Katy is a fantastic pitcher. So good that the boys in her neighborhood let her play with them. When Katy tries out for Little League, she is denied a spot on the team because she is a girl. Katy refuses to simply accept this unfairness and, as part of a school project, learns all she can about women in baseball. The book includes information about women baseball players at the end. Historical and showing the importance of standing up for injustice, this is a winner. 

Books to Look For This Summer...


The Dollar Kids by Jennifer Richard Jacobson

Lowen is dealing with loss and guilt after his friend dies as the result of a random shooting. When his family buys a house for a dollar they move to a new community where they find it is not so easy to fit in. As Lowen deals with his own internal struggle, his family is dealing with the financial situation they find themselves in when the family business doesn't do as well as expected. The concept of the dollar houses and the small-town setting were interesting. The characters are realistic and I loved the way that friends and family supported each other in the book. This book shows that we can manage tough times with the help of those around us. Thanks to the publisher, Candlewick, for sending my book review group, #BookExcursion, an advanced reader's copy of the book.

Wonderland by Barbara O'Connor

Mavis and Rose have very different backgrounds and family situations. Mavis's mother hops from one job to another so they've had to move around a lot to make ends meet. Rose's family is well-off and lives in the biggest house in a gated community. Mavis and Rose are also similar in that they both struggle to make and keep a friend. When Mavis's mother is employed by Rose's family, Mavis is determined to make Rose her friend. This story of friendship alternates between the perspectives of Mavis and Rose. In addition, some chapters of the book are written from the perspective of a dog named Henry who the girls are trying to rescue so that Mr. Duffy, the gatekeeper, will be happy again. As Mavis and Rose work through their struggles with friendship they help each other grow. One learns to be a best friend and the other learns to be brave and speak up for herself. One of my favorite books is a previous novel by Barbara O'Connor, Wish. With two sweet friends and a lovable dog, this latest novel is just as heart-warming. This book publishes in August. Thanks to the publisher, Farrar, Straus & Giroux for sending my book review group, #BookExcursion, an advanced reader's copy of the book.

Monday, June 4, 2018

It's Monday! What Are You Reading?


It’s Monday! What Are You Reading? is a community of bloggers who link up to share what they are reading. To find out what other bloggers are reading check out the host blogs: Teach Mentor Texts and Unleashing Readers. You can also follow on Twitter at #imwayr.

What I've Been Reading...


Saffron Ice Cream by Rashin Kheiriyeh

Rashin is going to the beach for the first time in America. A she tells the story of her beach trip, she recounts what it was like to go to the beach when she lived in Iran. This book provides insight into two cultures and also captures both the sadness and joy that Rashin feels as she has an adventure in a place that is unlike her old home and makes a new friend. The illustrations are bright and lively. This book, about the beach, is one that can be shared as we go into summer, but it will also be one that will spark discussions about differences in culture and what it feels like to live in a new place.

This Is a Taco! by Andrew Cangelose

A squirrel agrees to be in a book because he thought there would be tacos so when there aren't any tacos he rewrites them into the story. The squirrel's antics are entertaining, but readers will also learn a few squirrel facts. This one will make readers giggle.

Two Dogs in a Trench Coat Go to School by Julie Falatko

Waldo and Sassy think their boy, Stewart, does not like school so they want to find a way for him to stay home. Wearing a trench coat, the dogs pass as a human and get into Stewart's school. Because Waldo can speak human, Stewart's teacher and classmates are fooled into thinking he is a new student. Waldo and Sassy manage to help Stewart in more ways than one. Yes, this is a far-fetched story, but it will be right up the alley of those students who love silliness and humor. There are also jokes that adults will appreciate. This is a book I'll definitely add to my classroom library because many of my readers enjoy these types of illustrated chapter books.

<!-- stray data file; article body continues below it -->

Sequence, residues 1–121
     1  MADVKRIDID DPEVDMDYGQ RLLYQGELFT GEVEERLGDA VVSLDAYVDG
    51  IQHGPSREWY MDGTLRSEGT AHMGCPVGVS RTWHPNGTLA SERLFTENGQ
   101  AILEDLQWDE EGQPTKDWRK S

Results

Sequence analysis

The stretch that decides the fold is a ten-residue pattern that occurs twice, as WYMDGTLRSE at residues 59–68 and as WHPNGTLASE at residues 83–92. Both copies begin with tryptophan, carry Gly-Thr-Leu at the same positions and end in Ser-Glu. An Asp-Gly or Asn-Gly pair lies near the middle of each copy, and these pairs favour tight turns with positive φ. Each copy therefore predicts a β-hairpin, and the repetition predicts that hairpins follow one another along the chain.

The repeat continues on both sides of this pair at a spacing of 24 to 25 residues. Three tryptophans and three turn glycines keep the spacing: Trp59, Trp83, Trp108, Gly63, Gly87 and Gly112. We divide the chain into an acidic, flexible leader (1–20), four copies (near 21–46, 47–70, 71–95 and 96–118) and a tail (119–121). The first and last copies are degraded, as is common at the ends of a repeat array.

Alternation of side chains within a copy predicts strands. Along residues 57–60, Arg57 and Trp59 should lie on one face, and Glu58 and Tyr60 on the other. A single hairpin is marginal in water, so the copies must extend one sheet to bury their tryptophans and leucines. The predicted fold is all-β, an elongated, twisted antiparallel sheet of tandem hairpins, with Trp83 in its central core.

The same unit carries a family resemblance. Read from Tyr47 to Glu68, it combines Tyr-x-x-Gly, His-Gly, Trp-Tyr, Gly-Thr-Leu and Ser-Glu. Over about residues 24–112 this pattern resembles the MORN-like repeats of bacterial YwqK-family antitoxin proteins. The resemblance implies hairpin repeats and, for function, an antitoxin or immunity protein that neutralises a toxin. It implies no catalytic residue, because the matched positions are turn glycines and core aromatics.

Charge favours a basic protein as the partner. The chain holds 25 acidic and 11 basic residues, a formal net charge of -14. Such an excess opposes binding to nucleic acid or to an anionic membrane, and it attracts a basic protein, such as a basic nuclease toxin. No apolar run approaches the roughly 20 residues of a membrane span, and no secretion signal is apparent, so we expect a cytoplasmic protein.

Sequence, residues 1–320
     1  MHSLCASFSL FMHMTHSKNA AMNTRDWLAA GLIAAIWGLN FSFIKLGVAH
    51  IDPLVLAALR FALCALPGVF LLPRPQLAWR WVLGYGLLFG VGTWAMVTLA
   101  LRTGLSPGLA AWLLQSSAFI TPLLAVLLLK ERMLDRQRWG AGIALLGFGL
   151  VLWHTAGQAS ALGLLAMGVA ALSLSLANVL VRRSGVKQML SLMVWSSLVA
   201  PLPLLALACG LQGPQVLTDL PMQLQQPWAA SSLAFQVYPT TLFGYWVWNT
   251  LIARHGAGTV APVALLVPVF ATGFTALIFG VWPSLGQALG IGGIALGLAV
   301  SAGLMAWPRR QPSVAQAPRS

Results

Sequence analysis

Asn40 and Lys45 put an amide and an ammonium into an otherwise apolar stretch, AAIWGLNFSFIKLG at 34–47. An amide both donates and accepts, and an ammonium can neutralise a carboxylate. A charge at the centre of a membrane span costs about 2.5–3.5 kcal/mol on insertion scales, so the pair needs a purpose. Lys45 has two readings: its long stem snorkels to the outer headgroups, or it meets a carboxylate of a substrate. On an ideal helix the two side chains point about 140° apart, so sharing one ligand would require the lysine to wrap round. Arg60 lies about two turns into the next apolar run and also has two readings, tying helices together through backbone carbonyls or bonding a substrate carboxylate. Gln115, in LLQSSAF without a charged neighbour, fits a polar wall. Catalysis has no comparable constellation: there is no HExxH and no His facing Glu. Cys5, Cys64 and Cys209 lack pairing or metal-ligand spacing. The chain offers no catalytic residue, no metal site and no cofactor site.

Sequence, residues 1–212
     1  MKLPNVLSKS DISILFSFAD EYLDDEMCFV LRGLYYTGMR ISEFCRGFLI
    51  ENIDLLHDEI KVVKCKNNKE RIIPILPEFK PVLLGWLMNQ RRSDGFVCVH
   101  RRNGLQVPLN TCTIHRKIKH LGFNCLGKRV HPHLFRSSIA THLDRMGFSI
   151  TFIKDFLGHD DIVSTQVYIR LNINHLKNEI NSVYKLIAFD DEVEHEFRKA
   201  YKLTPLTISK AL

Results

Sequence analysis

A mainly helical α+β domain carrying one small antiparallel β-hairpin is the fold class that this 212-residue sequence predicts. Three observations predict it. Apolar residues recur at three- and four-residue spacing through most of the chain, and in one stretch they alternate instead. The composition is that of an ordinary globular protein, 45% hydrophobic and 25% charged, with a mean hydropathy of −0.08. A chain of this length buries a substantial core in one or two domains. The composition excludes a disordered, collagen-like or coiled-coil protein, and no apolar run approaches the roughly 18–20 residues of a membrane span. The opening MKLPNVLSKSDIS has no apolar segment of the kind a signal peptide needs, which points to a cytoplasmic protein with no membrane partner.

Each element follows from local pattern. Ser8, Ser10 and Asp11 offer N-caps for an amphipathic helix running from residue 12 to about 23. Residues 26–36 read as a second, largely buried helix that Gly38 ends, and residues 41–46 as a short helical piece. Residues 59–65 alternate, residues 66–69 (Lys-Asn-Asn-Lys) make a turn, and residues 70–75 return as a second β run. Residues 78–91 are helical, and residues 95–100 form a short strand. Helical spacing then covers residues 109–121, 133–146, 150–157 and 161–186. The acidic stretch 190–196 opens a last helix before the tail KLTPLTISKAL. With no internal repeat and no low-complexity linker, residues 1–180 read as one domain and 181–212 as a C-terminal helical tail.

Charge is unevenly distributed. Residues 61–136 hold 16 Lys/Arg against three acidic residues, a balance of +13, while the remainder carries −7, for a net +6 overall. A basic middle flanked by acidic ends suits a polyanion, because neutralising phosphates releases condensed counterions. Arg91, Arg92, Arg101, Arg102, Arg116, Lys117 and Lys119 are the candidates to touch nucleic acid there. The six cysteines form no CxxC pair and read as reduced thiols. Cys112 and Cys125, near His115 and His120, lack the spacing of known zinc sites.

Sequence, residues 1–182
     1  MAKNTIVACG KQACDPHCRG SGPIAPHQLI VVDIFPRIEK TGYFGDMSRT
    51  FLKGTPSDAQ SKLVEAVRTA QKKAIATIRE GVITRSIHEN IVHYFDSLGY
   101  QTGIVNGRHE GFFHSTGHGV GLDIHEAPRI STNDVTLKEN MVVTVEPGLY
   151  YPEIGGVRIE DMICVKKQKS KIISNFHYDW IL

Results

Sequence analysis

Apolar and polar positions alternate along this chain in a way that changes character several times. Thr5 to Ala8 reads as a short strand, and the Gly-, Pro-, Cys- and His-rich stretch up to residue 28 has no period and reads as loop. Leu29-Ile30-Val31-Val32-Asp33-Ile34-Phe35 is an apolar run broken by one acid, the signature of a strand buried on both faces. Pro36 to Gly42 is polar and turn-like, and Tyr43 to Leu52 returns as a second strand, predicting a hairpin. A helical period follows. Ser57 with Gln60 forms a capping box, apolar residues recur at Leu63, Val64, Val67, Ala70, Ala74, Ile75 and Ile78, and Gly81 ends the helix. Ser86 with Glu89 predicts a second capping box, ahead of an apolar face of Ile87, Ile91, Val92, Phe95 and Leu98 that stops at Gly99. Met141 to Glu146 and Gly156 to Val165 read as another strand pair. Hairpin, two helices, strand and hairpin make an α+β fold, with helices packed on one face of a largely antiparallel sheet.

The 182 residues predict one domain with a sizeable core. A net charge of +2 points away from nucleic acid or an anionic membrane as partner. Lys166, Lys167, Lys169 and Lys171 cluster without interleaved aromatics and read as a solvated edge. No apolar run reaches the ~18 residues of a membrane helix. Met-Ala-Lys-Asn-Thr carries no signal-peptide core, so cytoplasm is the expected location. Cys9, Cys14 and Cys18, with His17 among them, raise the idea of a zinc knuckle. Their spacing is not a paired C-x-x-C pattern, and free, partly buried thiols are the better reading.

Two's a Crowd (Pug Pals #1) by Flora Ahn

Sunny's world changes when her human brings home her new kid sister, Rosy. Sunny is annoyed with Rosy and wishes she never had a sister. When Rosy loses Mr. Bunny, one of Sunny's stuffies, the two pugs are on an adventure which ends in a lesson about happiness and appreciating a sibling. This is an amusing, short read with illustrations on every page. Early readers will enjoy reading about these two sweet pugs.

Books to Look For This Summer...


The Basque Dragon (The Unicorn Rescue Society) by Adam Gidwitz and Jesse Casey

Elliott and Uchenna are members of Mr. Fauna's Unicorn Rescue Society and, after just one day in the club, they are being whisked off to Europe to rescue a dragon. The second book in the series, after The Creature of the Pines, is as adventurous and imaginative as the first. This is an amusing read as well, as the story and characters have a bit of quirkiness. There are short chapters and illustrations throughout which will appeal to many readers. This book publishes in July. Thanks to the publisher, Penguin Young Readers, for providing my book review group, #BookExcursion, with an advance reader's copy of the book.

The Rhino in Right Field by Stacy Dekeyser

This is an historical fiction story about a twelve year old with a love of baseball. Nick and his friends play in the field that is right next to the city zoo so there is actually a rhinoceros just over the fence. When a new owner buys the town's minor league baseball team, Nick is determined to win a contest so he can be batboy for a day. Nick finds a way to enter the contest which is on a Saturday, a day that his father requires him to work at their shop, but it means being dishonest. This story has an interesting plot, true-to-life characters, and a heart-warming ending. Nick is an imperfect character, but his determination, work ethic, and willingness to stand up for what's right are admirable qualities. Touching and humorous, this is a great read. This book publishes in July. Thanks to the publisher for providing my book review group, #BookExcursion, with an advance reader's copy of the book.